Friday, July 1, 2016

Fantômas by Marcel Allain and Pierre Souvestre

More clever than smart
Although far from a household name these days, Fantômas was all the rage 100 years ago, and he enjoyed popularity in books, movies, and comics for most of the 20th century. Created by French authors Marcel Allain and Pierre Souvestre, the character’s debut, simply title Fantômas, was published in 1911. Fantômas is a legendary criminal and a master of disguise. He seems to be patterned after Arsène Lupin, the gentleman thief created by Maurice Leblanc a few years earlier. However, Fantômas ups the ante in sheer sinisterness. Like his predecessor, Fantômas is an expert thief, but unlike Lupin, he is also a brutal murderer. He kills not only for personal gain, but also because he enjoys it. No one is sure what Fantômas looks like or what alias or persona he will assume next. In this first book, even his very existence is in doubt.

One true believer is Inspector Juve, a police detective tasked with solving a string of murders and thefts that may or may not have been committed by this mysterious villain. Inspector Juve has kept track of Fantômas’s exploits over the years, but never before has he gotten so close to capturing this elusive killer. Juve is the closest thing the novel has to a protagonist, but the authors jump around to different members of the ensemble cast in each chapter. In a typical murder mystery, the author provides his audience with clues, challenging the astute reader to figure out the puzzle. Allain and Souvestre, on the other hand, frustratingly conceal the clues from you as well. Because the reader doesn’t spend a lot of time with Juve, he’s always showing up armed with knowledge the reader couldn’t possibly have foreseen. A typical chapter in the book opens with a pair or more of unfamiliar characters. They engage in a protracted dialogue in which very little is revealed, then at the end of the chapter you find out one or two of them were so-and-so in disguise. There are three or four masters of disguise in the book—some good, some bad. Another oft-used tactic is to refer to a character simply as “a man” and then after 20 minutes of reading you find out that man was Juve or some other previously introduced character. Games such as these get annoying after a while, and the plot defies belief more times than is pardonable. It’s so easy to fool someone with a disguise in this book, you’d think they were wearing the laser-cut latex masks from Mission Impossible.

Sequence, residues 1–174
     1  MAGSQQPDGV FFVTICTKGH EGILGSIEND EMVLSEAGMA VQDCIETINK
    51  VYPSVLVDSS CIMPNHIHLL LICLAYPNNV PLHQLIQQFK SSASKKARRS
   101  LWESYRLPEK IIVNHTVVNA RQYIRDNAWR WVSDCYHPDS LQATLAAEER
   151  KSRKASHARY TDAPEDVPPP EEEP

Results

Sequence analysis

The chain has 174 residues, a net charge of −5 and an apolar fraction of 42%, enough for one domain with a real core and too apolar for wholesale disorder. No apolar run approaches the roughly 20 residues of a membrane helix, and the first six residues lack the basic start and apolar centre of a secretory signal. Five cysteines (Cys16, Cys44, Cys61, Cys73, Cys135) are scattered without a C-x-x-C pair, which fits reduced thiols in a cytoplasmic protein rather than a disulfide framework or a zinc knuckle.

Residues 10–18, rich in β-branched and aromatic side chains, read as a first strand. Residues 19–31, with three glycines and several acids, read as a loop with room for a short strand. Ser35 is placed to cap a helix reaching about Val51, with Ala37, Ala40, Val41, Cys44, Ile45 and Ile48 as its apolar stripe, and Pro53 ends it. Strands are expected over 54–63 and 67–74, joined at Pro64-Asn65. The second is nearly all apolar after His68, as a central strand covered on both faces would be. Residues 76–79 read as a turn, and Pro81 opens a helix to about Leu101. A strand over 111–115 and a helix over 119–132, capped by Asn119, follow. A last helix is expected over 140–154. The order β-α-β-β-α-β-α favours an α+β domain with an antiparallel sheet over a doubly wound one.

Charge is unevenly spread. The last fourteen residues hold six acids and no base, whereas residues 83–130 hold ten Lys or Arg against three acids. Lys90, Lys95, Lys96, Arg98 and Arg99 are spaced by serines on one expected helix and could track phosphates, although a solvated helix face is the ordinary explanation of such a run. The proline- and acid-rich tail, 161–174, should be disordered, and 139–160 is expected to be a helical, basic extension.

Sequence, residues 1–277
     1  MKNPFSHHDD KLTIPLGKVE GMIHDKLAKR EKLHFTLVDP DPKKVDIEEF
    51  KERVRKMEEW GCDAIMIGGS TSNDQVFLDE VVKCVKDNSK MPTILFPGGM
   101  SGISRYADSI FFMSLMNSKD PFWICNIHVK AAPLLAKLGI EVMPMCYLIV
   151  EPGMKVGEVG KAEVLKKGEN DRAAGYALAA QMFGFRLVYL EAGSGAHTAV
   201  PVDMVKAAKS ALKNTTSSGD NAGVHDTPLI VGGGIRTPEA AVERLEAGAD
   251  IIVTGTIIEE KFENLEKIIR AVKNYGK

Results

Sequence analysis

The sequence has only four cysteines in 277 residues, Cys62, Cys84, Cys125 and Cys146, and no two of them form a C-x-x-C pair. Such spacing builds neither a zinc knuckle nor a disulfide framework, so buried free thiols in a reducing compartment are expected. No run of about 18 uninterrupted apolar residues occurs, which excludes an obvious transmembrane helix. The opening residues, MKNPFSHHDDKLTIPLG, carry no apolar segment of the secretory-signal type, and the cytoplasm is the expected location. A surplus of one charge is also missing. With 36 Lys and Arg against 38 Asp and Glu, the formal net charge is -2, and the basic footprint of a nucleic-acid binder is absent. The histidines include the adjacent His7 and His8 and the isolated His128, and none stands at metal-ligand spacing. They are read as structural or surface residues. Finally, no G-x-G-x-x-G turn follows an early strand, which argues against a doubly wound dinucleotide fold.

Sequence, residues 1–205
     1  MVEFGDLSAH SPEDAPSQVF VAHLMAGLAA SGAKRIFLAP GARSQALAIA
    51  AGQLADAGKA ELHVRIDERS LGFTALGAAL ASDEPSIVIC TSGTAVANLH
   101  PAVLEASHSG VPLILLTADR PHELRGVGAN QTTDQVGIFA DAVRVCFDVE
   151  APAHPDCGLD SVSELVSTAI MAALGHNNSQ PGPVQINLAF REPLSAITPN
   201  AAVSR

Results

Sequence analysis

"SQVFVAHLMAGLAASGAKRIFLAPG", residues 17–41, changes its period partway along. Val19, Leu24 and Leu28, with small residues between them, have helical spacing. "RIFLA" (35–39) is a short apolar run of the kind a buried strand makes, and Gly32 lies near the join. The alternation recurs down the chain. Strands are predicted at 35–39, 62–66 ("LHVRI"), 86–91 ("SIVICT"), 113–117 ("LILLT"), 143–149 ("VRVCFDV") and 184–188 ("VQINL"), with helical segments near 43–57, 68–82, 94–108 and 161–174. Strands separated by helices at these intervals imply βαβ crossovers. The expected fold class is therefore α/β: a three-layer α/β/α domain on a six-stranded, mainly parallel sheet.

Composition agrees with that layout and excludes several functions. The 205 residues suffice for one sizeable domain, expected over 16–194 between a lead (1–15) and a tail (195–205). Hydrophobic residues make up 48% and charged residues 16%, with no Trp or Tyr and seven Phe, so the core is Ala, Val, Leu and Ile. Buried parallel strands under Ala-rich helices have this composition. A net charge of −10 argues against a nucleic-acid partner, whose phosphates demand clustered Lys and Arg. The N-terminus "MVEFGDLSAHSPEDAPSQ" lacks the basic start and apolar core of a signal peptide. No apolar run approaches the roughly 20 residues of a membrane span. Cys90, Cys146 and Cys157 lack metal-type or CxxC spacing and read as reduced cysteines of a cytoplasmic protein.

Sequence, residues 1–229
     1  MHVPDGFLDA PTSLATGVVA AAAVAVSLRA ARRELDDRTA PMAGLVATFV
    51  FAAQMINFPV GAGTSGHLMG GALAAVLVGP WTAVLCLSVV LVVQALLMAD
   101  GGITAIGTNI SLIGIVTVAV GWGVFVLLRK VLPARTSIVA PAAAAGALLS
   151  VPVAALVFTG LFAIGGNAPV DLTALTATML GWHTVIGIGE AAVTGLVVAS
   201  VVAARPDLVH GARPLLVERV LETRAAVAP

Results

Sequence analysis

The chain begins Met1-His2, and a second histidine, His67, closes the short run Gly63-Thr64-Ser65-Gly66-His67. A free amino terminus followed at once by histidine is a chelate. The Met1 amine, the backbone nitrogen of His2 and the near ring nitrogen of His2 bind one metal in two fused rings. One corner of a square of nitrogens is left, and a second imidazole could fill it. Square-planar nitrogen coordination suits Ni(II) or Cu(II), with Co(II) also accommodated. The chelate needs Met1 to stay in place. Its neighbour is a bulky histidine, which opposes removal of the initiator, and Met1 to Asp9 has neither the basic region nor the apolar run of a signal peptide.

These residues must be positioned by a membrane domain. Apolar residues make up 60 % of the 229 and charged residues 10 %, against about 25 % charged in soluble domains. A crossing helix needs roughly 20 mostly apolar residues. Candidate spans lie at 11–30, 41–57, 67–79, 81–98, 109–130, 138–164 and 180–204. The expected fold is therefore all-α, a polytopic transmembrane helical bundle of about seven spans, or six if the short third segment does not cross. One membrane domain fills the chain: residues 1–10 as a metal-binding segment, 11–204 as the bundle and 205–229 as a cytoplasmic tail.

Despite all the confusion and obfuscation, the story ends up pretty much just how you would expect. When Juve points out the guilty party, it’s no shock. You’d think that after all the twists and turns Allain and Souvestre would want to wrap it up with a surprise ending, but no. Over the course of the book, the authors craft an intricate web of relationships between the disparate cast of characters, but the ultimate revelation of the guilty part is anticlimactic. The novel then ends with an incredibly convenient contrivance that leaves the door open for a sequel.

Given the international popularity of Fantômas, I expected more. Perhaps this sort of thing plays better on film, because I found the debut novel quite disappointing. It’s entertaining at first, but by the end I was glad to be done with it. Fantômas and I may cross paths again someday, but for now I think I’ll go back to Arsène Lupin.
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